Well, this is just right (a nice way to say it’s wrong 😉). Why? Because, as we quickly realise, the user flow funnel is sadly not something we create in a lab, users click everywhere and could land on any live page.
The UX of each page should be carefully optimised for the desired action. For example, can users easily come back to the main website when visiting the blog? What happens when they visit the “Contact Us” page and don’t submit an enquiry? Do they have the opportunity to engage with your product even further – case studies, FAQs, etc?
Have a look at your top 20 pages and you’ll be surprised how much UX work is needed beyond the homepage to make sure your user flow is optimised.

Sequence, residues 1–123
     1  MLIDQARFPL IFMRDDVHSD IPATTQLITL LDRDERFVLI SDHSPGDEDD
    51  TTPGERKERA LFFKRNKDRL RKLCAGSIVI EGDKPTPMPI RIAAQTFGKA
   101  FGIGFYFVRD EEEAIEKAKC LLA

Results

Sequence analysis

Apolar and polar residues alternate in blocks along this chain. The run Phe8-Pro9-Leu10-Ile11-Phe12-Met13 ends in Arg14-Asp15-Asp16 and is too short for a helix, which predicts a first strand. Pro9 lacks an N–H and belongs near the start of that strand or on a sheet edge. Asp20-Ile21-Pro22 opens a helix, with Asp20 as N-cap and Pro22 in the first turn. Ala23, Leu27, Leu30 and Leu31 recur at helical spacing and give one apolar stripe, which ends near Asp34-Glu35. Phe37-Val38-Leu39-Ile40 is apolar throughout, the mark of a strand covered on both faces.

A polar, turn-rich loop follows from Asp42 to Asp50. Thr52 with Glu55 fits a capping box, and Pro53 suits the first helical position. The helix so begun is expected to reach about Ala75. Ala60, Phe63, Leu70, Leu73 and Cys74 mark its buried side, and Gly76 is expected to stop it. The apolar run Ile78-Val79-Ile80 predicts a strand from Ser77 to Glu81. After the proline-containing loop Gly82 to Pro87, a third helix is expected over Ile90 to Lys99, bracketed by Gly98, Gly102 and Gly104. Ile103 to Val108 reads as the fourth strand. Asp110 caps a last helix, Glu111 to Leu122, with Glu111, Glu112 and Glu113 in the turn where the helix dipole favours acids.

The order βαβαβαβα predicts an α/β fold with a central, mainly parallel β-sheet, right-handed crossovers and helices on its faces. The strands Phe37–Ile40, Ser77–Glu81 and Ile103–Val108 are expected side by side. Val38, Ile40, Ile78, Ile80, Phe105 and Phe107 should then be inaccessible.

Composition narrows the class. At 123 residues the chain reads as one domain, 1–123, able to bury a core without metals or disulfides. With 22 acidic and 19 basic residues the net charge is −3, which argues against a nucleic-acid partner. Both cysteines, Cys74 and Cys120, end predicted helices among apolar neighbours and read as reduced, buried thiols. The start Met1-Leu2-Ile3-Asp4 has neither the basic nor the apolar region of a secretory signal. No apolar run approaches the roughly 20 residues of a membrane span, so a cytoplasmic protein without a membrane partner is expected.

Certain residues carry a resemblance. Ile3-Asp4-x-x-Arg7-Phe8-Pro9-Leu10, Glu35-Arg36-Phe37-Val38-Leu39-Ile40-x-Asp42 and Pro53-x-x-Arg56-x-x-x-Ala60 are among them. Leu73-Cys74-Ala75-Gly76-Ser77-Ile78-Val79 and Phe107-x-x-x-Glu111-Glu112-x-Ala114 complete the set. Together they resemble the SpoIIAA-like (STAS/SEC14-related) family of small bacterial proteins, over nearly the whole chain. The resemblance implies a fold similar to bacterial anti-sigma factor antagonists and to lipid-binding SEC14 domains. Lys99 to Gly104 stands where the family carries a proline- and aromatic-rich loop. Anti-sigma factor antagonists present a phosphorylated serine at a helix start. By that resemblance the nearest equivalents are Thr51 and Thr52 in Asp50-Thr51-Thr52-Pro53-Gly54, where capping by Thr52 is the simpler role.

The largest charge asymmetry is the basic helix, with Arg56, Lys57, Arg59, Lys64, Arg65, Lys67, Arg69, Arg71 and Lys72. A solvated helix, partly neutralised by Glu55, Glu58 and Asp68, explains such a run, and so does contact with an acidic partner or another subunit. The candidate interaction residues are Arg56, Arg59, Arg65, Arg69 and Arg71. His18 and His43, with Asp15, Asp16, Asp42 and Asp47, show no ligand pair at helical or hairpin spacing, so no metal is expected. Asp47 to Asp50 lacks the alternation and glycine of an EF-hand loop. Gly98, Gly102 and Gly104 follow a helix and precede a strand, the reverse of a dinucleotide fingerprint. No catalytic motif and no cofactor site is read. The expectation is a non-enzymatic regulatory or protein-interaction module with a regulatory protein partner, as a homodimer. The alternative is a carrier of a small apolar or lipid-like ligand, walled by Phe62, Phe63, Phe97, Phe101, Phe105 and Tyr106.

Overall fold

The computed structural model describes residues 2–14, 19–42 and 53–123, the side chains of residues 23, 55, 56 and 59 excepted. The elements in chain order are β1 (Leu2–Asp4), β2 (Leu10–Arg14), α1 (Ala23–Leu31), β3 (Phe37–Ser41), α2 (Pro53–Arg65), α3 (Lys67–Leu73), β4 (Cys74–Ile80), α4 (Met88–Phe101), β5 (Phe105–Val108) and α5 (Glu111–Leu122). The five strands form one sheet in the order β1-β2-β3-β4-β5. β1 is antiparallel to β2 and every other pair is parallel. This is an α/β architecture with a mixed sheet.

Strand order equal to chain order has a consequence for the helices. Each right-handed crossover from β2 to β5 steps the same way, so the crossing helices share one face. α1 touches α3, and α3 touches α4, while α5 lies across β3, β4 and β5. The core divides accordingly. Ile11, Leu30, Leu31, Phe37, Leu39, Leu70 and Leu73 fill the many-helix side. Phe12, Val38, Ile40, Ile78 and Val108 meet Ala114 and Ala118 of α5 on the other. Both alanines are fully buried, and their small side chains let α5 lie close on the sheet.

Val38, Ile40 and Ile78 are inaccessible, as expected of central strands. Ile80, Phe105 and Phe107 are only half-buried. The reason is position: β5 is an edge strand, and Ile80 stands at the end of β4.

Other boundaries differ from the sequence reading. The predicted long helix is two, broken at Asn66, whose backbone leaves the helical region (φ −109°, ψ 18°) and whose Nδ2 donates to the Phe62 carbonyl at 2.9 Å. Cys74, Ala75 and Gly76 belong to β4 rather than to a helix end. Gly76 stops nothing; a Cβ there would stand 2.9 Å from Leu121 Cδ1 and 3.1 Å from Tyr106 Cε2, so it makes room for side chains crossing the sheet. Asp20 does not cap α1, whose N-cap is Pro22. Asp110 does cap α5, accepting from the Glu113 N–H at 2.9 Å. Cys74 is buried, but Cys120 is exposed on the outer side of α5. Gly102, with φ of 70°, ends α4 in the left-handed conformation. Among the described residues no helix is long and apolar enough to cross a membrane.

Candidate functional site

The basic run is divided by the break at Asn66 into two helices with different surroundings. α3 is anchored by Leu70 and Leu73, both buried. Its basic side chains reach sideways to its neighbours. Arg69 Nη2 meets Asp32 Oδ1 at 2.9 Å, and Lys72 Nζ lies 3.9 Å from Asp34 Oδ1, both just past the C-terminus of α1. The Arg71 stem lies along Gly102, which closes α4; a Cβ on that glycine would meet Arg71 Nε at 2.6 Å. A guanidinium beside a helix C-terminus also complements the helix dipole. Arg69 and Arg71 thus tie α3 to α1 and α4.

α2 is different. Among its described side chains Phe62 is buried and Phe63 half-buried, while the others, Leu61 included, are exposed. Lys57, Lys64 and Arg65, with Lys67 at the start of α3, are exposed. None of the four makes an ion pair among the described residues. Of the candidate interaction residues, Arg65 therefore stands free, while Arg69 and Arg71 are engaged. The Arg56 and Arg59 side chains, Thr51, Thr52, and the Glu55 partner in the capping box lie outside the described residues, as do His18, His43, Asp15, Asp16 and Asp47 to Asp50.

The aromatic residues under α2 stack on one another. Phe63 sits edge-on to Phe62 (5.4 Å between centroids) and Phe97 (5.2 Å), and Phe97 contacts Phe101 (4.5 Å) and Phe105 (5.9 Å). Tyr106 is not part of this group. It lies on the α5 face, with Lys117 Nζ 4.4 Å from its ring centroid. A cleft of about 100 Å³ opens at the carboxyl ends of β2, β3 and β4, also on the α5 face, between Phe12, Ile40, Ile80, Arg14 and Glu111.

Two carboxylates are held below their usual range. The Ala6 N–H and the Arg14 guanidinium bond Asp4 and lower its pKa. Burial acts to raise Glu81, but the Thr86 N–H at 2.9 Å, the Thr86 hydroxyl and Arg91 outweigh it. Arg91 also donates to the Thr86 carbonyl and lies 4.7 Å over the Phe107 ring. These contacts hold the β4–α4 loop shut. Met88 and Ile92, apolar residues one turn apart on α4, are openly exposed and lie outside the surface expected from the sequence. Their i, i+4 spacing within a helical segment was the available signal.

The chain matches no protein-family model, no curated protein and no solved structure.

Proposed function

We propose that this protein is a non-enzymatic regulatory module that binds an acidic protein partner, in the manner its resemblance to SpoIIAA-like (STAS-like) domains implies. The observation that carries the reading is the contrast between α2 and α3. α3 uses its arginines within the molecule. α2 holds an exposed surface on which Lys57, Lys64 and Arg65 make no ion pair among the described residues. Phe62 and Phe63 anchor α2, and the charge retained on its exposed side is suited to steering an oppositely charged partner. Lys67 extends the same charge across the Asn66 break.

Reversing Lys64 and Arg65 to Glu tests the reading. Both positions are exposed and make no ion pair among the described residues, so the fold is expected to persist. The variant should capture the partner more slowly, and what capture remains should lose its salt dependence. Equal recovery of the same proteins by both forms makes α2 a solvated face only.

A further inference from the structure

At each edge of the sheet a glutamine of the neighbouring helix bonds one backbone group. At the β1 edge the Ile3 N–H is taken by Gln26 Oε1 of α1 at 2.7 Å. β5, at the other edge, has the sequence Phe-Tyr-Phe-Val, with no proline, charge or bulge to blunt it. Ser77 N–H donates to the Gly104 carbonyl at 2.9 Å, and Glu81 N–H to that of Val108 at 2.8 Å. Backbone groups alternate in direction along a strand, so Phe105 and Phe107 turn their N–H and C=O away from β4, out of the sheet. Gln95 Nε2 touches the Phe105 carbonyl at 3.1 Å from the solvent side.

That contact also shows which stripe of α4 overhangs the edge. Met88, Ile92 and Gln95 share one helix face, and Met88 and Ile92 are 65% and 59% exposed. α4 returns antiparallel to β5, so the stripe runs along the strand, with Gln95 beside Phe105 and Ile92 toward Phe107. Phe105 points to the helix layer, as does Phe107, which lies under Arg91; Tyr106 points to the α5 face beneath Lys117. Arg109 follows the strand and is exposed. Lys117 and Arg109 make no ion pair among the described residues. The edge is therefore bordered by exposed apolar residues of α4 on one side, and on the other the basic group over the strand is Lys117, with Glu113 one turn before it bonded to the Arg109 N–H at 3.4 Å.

Accessibility has become a buzzword in the tech industry with many practitioners still not knowing how to approach it. It often comes as an afterthought, not a requirement when building new products.
Even if you leave the responsibility factor aside (and you shouldn’t!), making your site more accessible will result in:
It’s also an opportunity to dominate your industry, as the majority of your competitors are probably not there yet.
The tricky part is that we all want to make our websites and products accessible, but when this comes with a massive cost we’re forced to measure the ROI of this investment. A good widget to help you get started with accessibility is Accessible.com.
Google loves websites that users love. It has become that simple. Every minute you invest in improving your UX will result in positive outcomes for your SEO. Start with the above 10 steps and keep optimising your pages to see your traffic from organic search growing month by month.